You generally know within seconds of the start of a performance if a conductor has what it takes to take us to that other place where senses are heightened. It was the performance of Ravel's La Valse at the start of Yannick Nézet-Séguin's first concert as principal guest conductor of the London Philharmonic that will have convinced a lot of people of great things to come.
The erratic heartbeat at the start drew all ears into a nocturnal netherworld where murmuring bass voices grumbled and sighed. The emergence of the once-glorious waltz had the sickly-sweet smell of death about it; it was as if Nézet-Séguin was holding a distorting mirror up to the music and showing us its imminent collapse. The end was terrible in the best sense – grotesque and shocking.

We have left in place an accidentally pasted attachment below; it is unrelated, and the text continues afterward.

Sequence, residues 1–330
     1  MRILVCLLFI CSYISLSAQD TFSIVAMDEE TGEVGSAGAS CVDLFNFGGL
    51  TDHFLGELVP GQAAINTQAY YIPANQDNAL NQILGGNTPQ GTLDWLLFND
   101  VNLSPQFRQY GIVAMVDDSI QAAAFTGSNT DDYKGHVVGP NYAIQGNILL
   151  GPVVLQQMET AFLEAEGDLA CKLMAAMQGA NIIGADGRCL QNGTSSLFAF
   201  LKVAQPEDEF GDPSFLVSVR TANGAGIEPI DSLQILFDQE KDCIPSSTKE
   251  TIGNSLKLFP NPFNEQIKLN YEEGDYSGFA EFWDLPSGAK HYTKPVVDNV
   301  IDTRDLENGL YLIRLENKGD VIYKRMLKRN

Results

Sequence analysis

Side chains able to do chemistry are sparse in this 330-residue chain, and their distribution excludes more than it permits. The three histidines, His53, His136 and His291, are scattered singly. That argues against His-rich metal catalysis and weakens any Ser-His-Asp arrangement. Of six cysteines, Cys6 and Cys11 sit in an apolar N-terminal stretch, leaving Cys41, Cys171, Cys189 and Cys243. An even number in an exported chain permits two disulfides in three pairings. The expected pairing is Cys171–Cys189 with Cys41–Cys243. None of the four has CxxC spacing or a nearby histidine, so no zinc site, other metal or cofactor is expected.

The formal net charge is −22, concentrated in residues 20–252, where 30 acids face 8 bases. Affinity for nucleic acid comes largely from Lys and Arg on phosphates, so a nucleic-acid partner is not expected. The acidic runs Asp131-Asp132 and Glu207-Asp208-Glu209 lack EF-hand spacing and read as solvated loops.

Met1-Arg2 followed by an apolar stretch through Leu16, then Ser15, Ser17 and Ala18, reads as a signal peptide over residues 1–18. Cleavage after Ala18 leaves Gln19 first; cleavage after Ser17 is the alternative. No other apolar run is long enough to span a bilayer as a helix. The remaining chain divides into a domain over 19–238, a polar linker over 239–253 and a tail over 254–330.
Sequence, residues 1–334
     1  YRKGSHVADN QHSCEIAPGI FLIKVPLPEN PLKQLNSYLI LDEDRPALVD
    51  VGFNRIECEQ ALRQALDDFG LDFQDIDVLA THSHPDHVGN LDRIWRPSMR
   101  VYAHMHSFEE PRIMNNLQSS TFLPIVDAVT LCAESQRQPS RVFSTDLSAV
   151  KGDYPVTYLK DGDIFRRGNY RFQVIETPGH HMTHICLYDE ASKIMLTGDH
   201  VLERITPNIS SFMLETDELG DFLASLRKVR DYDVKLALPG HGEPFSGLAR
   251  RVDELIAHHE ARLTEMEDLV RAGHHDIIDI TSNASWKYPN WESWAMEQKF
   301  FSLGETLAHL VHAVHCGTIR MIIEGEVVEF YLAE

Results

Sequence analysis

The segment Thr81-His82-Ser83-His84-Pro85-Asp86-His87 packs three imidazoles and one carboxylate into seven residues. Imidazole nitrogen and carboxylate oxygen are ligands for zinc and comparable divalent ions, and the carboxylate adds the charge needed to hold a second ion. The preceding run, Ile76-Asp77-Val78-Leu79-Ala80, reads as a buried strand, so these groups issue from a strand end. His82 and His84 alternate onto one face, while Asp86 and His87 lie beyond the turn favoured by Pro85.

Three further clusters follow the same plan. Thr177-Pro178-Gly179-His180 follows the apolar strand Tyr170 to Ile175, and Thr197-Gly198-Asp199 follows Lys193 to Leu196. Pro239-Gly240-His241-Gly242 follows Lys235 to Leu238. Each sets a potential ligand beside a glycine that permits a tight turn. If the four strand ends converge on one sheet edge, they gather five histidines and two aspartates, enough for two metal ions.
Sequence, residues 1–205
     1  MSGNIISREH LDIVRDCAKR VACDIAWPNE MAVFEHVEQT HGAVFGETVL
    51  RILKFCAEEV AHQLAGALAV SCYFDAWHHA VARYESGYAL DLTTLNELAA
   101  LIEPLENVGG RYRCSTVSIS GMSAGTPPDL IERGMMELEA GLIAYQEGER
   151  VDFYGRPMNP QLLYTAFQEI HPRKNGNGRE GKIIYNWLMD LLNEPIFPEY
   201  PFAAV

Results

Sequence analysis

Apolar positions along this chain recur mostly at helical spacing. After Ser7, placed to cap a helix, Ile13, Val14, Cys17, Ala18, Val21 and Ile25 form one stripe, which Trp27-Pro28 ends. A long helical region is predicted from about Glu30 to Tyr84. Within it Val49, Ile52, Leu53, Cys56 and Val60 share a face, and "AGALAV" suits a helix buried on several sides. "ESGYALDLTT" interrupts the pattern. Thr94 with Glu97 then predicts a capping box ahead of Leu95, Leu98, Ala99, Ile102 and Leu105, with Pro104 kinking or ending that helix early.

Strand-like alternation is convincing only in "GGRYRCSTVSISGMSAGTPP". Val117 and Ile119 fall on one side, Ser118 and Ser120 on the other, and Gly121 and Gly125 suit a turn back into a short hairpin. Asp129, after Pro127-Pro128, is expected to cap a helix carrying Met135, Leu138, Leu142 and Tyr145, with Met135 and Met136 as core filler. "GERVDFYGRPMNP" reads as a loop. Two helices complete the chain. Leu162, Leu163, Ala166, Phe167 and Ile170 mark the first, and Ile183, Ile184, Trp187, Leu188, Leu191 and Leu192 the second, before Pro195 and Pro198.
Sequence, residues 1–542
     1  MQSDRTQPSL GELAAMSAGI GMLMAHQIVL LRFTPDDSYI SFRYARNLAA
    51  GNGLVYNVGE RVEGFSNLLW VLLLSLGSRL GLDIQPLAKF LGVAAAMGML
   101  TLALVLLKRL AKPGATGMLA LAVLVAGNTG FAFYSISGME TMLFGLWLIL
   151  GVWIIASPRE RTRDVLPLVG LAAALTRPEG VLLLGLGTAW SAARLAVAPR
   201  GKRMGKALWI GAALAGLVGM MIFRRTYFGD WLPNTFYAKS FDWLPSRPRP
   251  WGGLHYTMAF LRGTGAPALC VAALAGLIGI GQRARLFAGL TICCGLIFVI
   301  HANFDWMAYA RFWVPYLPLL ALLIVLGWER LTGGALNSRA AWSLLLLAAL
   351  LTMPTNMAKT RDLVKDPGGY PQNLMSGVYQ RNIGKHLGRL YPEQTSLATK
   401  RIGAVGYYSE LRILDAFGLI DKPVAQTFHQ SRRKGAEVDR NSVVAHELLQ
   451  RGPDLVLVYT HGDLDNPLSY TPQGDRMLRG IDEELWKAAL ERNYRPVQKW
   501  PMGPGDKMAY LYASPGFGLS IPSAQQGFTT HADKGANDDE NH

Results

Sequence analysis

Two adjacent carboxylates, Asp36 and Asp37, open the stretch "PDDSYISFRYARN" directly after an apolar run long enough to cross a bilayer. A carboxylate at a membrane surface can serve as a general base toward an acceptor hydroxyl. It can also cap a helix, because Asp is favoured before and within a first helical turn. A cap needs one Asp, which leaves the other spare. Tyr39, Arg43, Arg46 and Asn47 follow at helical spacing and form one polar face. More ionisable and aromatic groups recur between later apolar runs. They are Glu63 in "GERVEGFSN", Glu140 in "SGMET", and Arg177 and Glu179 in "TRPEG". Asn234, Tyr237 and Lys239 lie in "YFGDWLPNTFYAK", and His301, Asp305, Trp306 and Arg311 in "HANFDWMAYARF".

Ace trombonist Christian Lindberg arrived in his usual hurry, white shirt flapping. In his edition of Leopold Mozart's Alto Trombone Concerto a ripe vibrato, crisp articulation, even a trill displayed all the agility of a piccolo trumpet. But when he returned in full evening dress for something called Cantos de la Mancha by Jan Sandstrom, suspicions were aroused. Within seconds he hurled his trombone to the floor, started screaming at the audience, ripping at his attire. Nervous breakdown or performance art? Both. This "mad scene" for Don Quixote would have been laughable but for the impossibly beautiful lament at its heart. Lindberg ended up in a pair of leopardskin tights, brandishing his instrument's slide like a lance. But Nézet-Séguin had the last word, a resonance of bells and tam-tam rounding off his richly characterised performance of the Mussorgsky/Ravel Pictures at an Exhibition.Reuse content